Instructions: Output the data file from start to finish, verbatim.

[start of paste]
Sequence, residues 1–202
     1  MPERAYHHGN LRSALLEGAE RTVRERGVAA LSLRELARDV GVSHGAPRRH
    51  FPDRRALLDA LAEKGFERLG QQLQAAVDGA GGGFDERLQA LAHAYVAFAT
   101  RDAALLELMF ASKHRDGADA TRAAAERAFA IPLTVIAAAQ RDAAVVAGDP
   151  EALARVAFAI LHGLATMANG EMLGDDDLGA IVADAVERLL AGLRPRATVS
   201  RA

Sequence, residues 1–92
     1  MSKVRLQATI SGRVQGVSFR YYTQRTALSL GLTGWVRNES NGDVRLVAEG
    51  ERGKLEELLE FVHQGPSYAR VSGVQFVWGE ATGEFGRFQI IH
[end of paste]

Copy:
Sequence, residues 1–202
     1  MPERAYHHGN LRSALLEGAE RTVRERGVAA LSLRELARDV GVSHGAPRRH
    51  FPDRRALLDA LAEKGFERLG QQLQAAVDGA GGGFDERLQA LAHAYVAFAT
   101  RDAALLELMF ASKHRDGADA TRAAAERAFA IPLTVIAAAQ RDAAVVAGDP
   151  EALARVAFAI LHGLATMANG EMLGDDDLGA IVADAVERLL AGLRPRATVS
   201  RA

Sequence, residues 1–92
     1  MSKVRLQATI SGRVQGVSFR YYTQRTALSL GLTGWVRNES NGDVRLVAEG
    51  ERGKLEELLE FVHQGPSYAR VSGVQFVWGE ATGEFGRFQI IH